This year, for the first time, Seni will be in London.  It's the UK's biggest martial arts show, and if you've never been, well… hmm, well, it's an interesting day out. You have to go at least once, just to see what you've been missing. 

See us at stand C973

Seni07 is at London Excel (which is easy to get to on the DLR) over the weekend of 19-20 May. See the Seni07 website for more information. 

We're Seni veterans — in fact, the Fudebakudo book was launched at Seni03. Here are the reports of our previous attendances at Seni03, Seni04, and Seni05. We didn't go to Seni06 because the demo we had prepared was so lethal, so frightening, that even we couldn't bear to watch it. Besides, our attempts to train the panda to wrestle were running foul of some of the RSPCA's picky regulations.

If you're at the show, come and say hello. Our stand is in the Classical Zone, because, as you know, Fudebakudo is an ancient and sophisticated art. Of course, as well as adding a much-needed sense of inscrutable martial authenticity to the event, we will be selling our ancient and sophisticated T-shirts, giving free postcards to people who ask nicely for them, and signing books.

Battle Cats

On page 48, Fudebakudo describes the use of cats in hand-to-hand combat. When I was researching this unusual activity, I missed Jeff de Boer's astonishing armour for cats.

The original impetus for Fudebakudo's Battle Cats of Burma story was triggered on a trip out of Bangkok. Idly flicking through the Thai Airways in-flight magazine, a photograph caught my eye because — to my surprise — it was a face I knew. It was a cat, one that lived upstairs above one of the aikido dojo in Bangkok, with a quizzical expression and a striking pair of eyes: one green and one blue. Such creatures (called khao manee in Thai) are considered propitious and can fetch appropriately high prices. This one lived an indulged, air-conditioned life with a few pedigree cat friends (although those all had the regulation two blue eyes). It sometimes sat on the stairs looking down on the aikido classes through the smoked glass door to the dojo. So I read the article, which was about the history of Siamese cats. Within it was a throwaway line about the warriors of Ayudhya carrying cats into battle on their shoulders.

Of course, this kicked off a line of research that led me to arrange a meeting with the journalist when I returned to Bangkok. It didn't seem suspicious at the time, but he was a hard man to catch, and after a couple of failed meetings, he suggested instead that I could find out more from Martin Clutterbuck, one of the world's foremost experts on Siamese cats. I contacted Mr Clutterbuck and described the use of cats in battle to him, asking if he could give me more precision on, for example, the provinces where such warriors may have come from, and the kind of training they used to prepare their cats for combat. He replied with a polite but slightly exasperated email saying that if the story had even one shred of truth to it, he would have certainly known of it; but that this was the first he had ever heard of such a thing.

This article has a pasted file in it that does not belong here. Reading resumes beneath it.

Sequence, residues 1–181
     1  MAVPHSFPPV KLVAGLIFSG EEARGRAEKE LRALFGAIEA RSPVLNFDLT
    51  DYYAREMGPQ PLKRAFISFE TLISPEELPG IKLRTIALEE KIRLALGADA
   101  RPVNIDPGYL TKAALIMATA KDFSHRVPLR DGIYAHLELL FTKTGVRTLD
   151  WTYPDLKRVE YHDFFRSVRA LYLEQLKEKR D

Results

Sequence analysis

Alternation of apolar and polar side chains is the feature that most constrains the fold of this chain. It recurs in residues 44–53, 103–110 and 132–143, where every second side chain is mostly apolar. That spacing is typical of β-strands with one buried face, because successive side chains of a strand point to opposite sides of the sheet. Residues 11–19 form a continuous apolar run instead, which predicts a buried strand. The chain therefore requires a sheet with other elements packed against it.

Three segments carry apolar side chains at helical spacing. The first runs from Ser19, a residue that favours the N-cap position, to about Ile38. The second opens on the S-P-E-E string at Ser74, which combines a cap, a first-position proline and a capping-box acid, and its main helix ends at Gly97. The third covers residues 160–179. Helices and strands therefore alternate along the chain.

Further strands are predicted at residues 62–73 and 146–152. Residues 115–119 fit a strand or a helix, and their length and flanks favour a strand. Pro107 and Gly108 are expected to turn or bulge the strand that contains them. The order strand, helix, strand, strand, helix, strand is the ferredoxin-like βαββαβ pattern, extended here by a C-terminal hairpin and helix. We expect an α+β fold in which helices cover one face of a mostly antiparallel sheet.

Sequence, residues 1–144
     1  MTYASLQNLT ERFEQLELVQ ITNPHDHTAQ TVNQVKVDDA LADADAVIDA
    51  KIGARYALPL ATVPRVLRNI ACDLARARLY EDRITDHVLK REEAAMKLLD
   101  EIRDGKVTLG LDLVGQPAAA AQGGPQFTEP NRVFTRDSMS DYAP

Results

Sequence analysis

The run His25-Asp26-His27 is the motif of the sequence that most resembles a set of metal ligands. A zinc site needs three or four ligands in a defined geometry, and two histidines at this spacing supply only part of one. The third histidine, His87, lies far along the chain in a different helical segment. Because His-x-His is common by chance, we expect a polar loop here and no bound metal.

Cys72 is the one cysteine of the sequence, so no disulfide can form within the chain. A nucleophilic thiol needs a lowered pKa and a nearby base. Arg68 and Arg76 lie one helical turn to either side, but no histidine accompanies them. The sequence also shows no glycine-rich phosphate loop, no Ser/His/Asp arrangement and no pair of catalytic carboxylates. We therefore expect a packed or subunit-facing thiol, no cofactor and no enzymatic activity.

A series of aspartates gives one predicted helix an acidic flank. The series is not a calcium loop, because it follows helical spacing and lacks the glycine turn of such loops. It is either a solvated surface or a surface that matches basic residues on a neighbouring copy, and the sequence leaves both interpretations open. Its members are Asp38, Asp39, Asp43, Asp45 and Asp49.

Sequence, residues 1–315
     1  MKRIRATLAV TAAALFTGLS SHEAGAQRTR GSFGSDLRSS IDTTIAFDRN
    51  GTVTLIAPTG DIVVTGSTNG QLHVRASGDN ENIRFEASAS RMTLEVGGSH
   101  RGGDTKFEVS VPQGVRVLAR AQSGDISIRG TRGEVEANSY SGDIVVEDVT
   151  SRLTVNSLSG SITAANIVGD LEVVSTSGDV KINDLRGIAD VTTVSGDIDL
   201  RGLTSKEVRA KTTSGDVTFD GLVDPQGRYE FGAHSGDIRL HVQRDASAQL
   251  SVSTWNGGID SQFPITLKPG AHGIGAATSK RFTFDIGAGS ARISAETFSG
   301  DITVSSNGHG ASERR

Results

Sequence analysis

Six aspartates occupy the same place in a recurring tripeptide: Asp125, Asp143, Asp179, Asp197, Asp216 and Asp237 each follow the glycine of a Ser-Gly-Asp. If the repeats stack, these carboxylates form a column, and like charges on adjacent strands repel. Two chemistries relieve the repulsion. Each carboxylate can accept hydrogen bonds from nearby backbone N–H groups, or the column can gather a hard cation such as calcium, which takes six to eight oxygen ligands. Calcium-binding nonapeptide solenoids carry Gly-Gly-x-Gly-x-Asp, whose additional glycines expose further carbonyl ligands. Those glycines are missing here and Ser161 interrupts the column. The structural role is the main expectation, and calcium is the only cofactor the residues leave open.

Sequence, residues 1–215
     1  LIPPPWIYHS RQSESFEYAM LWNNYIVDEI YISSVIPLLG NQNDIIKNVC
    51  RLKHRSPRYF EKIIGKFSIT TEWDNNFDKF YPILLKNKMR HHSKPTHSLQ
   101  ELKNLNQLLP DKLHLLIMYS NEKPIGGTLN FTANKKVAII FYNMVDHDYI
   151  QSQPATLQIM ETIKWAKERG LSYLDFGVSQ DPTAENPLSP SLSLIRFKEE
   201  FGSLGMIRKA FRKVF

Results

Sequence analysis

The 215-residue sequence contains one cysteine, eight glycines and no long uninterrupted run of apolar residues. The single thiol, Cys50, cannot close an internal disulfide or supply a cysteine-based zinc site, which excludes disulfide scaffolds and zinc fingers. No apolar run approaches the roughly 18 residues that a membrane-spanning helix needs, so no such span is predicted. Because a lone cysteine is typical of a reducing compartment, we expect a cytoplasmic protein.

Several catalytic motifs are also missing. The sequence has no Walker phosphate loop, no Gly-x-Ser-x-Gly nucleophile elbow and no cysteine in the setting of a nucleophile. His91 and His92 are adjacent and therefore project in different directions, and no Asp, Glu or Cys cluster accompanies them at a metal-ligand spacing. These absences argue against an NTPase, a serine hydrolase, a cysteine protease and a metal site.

So two things resulted. One is a grudging respect for the bald-faced inventiveness of the journalist concerned. I decline to mention his full name here (Michael Something) because there is honour amongst thieves… I changed "Siamese" to "Burmese," and put the tall tale into the book. It's harder to check the facts of a story based in Myanmar rather than Thailand, you see. Perhaps one day someone will.

Incidentally, I did find one other intriguing precedent of cats being present on a battlefield. Soldiers of one ancient army, marching to do battle against the Egyptians, are recorded as having carried cats with them — not as weapons, but in the belief that the feline-worshipping Egyptians would not strike them, for fear of harming the cats. A human shield, but,well, made of cats. Strange but true.

Buying from Amazon.co.uk

It's been possible to buy the book from amazon.co.uk for a while but we've only just added links to amazon directly from our site. Although we prefer you to buy direct from us (while our online shop is still open) or from our preferred retailers (see the book FAQ for details), Amazon often discount heavily so it's worth checking their current prices.

If you want to buy from amazon,  please use any of the links that are now in the corner of every page, because Exploding Pen benefits from the referral fees.

Blog replaces Forum

The Fudebakublog you're reading now has replaced the forum. We had a few problems with the forum (mainly to do with spammers) so it's easier to shut it down and police this smaller, neater blog instead.

We may lift some of the more interesting posts out of the Forum's archives and post them here later.